TEMPE, Ariz. -- Drew Petzing knew it was coming.
It took all of two questions into Thursday's news conference introducing him as the Arizona Cardinals' new offensive coordinator for Petzing to be asked about quarterback Kyler Murray.
“It's going to be a hot topic I hear,” Petzing said.
Petzing learned quickly that Murray will be the centerpiece of his job. His interview with new head coach Jonathan Gannon was focused largely on Murray.
“I structured everybody that I interviewed around Kyler,” Gannon said. “The questions I was asking about how, philosophically, we're going to play on offense, what I think is really hard for defenses moving forward into 2023 and beyond, a lot of those had to do with Kyler.
“And ultimately, in my opinion, that's one of the No. 1 jobs of the offensive coordinator is to maximize the skill set of the quarterback and the other positions, as well. But we know that's the position that makes it go. So, that was very centric around all the interviews and I liked his answer.”
Petzing was ready.
When Petzing, who was quarterbacks coach last season for the Cleveland Browns, received a call shortly after the Super Bowl that he might be interviewed for the job, the first thing he did was watch tape on Murray and make calls to some of Murray’s former coaches and teammates. Petzing’s takeaway?
“That was one of the appealing things about this job to me was being able to work with a quarterback of his caliber,” Petzing said.
Once Petzing got to Arizona this week and met Murray, who is rehabbing from a torn ACL to his right knee that forced him to miss six games in 2022, he talked to the quarterback quite a bit. Petzing said Murray was “extremely engaged” in their conversations, which haven’t revolved around football, Petzing said.
“He’s been great,” Petzing said. “I think he’s really attacking the rehab. Really excited about what we got going on, so it’s been great to get to know him and I look forward to that continuing these next couple of days.”
Gannon said Murray was "right on schedule" with his rehab.
Petzing, a first-time offensive coordinator, wouldn’t reveal what his scheme will look like but said whatever his offense ends up being, it’ll start with his quarterback -- just, as he pointed out, it does with every NFL team. Petzing said he has an idea of what his offense will look like but added it will be an “ever-evolving process.”
However, Petzing did say he will lean into Murray’s running ability (he averaged 6.2 yards per rush in 2022) whenever the fifth-year quarterback is fully healthy. Petzing said it’s no secret that Murray’s ability to run makes him “really dangerous to defend.”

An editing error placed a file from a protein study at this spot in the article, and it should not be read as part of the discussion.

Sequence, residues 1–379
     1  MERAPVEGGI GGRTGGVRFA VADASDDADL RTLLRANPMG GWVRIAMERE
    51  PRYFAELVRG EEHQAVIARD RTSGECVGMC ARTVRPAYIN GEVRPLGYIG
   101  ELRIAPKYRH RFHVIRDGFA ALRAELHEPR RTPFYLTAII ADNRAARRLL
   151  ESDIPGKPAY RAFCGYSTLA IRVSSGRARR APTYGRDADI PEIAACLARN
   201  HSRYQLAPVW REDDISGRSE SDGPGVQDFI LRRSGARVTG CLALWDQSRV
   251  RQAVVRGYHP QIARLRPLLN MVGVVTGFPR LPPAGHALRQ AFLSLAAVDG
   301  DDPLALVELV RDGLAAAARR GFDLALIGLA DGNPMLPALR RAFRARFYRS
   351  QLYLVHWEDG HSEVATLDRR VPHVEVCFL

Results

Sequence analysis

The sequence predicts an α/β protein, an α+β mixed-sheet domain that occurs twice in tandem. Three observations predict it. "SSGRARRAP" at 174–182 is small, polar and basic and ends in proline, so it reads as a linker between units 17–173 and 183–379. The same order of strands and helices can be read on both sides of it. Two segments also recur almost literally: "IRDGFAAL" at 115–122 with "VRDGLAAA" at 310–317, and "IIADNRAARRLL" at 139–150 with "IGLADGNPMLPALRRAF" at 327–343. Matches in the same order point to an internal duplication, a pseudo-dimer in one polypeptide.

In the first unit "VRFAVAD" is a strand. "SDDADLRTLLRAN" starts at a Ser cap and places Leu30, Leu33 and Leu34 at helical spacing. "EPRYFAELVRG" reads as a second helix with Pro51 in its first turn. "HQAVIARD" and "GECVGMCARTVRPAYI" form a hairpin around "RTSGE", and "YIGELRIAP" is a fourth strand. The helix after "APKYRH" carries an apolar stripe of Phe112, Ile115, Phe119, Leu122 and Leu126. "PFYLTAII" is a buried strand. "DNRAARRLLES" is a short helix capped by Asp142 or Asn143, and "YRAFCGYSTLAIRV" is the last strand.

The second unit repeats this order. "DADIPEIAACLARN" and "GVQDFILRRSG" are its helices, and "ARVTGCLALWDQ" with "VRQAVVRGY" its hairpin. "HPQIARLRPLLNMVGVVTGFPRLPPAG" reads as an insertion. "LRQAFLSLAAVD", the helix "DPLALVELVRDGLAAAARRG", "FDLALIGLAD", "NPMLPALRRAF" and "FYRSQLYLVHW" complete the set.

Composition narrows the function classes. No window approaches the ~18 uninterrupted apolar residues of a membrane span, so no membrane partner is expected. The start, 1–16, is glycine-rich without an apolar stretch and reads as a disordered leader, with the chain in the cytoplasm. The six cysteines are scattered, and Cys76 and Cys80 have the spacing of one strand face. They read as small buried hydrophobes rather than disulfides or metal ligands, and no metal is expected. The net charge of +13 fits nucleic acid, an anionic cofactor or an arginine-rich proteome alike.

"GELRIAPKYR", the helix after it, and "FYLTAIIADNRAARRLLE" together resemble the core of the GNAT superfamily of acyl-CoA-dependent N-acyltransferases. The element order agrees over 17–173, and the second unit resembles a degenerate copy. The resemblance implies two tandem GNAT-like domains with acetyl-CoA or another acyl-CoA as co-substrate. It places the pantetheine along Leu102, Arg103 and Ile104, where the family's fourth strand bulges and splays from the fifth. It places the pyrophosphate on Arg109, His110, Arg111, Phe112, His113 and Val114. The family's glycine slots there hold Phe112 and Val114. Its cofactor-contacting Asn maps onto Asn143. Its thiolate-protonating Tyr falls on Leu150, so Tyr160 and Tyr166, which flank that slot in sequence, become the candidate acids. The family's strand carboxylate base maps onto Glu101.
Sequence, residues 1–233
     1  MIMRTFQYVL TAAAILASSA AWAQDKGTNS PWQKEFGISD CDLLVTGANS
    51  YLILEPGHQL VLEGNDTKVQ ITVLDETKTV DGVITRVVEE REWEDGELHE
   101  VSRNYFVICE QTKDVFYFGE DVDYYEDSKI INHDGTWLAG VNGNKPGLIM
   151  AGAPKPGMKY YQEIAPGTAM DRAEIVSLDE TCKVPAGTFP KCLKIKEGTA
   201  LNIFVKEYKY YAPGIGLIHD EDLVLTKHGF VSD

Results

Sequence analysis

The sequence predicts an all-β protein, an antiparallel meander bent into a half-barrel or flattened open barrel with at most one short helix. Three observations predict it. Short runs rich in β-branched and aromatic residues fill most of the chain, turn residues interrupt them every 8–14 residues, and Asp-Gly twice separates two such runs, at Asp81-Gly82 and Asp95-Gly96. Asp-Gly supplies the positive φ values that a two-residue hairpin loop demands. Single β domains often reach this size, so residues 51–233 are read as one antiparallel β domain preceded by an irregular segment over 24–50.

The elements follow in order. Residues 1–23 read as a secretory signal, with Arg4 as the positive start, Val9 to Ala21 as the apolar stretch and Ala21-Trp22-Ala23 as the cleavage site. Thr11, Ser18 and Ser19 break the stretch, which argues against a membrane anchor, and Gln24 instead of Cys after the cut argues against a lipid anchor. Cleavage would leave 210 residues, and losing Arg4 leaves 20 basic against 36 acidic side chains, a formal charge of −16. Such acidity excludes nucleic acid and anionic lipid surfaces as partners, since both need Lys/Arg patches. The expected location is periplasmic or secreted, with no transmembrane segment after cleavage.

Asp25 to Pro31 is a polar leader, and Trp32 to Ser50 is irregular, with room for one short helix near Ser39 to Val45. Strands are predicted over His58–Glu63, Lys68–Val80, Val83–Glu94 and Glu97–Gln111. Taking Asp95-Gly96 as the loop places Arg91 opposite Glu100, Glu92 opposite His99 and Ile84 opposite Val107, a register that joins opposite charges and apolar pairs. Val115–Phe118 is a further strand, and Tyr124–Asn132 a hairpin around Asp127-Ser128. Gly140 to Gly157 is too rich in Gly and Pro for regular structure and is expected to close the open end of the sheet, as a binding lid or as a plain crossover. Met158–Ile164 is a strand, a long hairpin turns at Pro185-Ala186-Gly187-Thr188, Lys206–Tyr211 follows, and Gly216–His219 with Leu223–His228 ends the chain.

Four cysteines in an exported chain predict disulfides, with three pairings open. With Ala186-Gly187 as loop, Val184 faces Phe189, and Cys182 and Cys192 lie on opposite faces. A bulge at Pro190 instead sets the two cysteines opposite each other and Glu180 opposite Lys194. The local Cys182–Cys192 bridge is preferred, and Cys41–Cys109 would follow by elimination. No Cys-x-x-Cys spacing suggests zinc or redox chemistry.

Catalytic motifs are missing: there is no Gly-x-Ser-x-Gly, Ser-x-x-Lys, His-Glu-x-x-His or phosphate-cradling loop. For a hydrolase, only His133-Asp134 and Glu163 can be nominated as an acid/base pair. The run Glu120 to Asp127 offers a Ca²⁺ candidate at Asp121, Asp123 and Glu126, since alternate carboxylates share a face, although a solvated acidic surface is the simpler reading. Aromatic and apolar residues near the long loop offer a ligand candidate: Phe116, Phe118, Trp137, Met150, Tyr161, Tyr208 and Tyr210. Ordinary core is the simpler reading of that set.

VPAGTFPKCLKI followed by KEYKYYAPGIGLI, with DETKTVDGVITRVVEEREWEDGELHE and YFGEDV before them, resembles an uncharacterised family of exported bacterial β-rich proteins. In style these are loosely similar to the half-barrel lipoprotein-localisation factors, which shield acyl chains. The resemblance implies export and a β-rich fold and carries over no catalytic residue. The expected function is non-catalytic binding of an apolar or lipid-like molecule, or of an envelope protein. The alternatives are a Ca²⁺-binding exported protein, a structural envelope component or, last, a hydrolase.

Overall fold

“I think one of the things you hear us talk about is how do we make things hard on the defense. And anytime you can utilize something that a player does well or above average like he does, um, it's going to create that indecision of, ‘Hey, can I really call that defense? Can I take that chance knowing that if I miss it could be a big play?’” Petzing said. “So, certainly want to continue to see that be a big part of his game.”
Even though Murray likely won’t be on the practice field in a full capacity this offseason, Petzing said Murray will get a crash course in the new offense in the meeting room and through walk-throughs. There will be quizzes and film work to help keep Murray up to speed on the scheme, Petzing said.
Gannon plans on having all of the position meeting rooms be “very interactive” by putting players on “hot spots.” He doesn’t want them just regurgitating what they hear -- he said he wants them to fully understand it.
“The meeting room, for us, will be a full-time job,” Gannon said. “So, even though he’s not on the field, he will be getting stressed out mentally, I know that.”
Petzing still expects Murray to be ready to play when healthy.
“I fully trust him to be able to grasp and understand the offense even though he’s not going to get the physical reps during training camp,” Petzing said.
With his relationship with Murray in its infancy, Petzing wants Murray to understand he has his best interest and that they share the same goals -- and that Petzing will do what he can to help Murray reach those goals.
“And then it’s a personal relationship,” Petzing said, “where you genuinely care about the person outside of football and you take an interest in who they are and what they’re about and what they care about, and that they know and feel that, and that it’s genuine.
“I think that’s a really big piece of it.”
Gannon understands that it’ll take time for Petzing and Murray to get on that level together. Both Gannon and Petzing quickly noticed how much winning matters to him.
“He’s the franchise quarterback for a reason,” Gannon said. “He’s committed to doing his job so he does what he needs to do to put this team in a position to win and, ultimately, that’s what I’ve really noticed about him through a week-and-a-half now.
“But what keeps oozing through this guy is his competitiveness and that’s a different form of competing what he’s doing right now. Certain guys have been there, certain haven't, but it's a hard road and you have to have the right mindset to do that.
"And that’s what I've been impressed with so far is just the competitiveness he has in him, talking a little bit of football with him, the competitiveness he has, like, ‘We need to get this right because we need to do this to win.’ That's what I like to hear from your quarterback."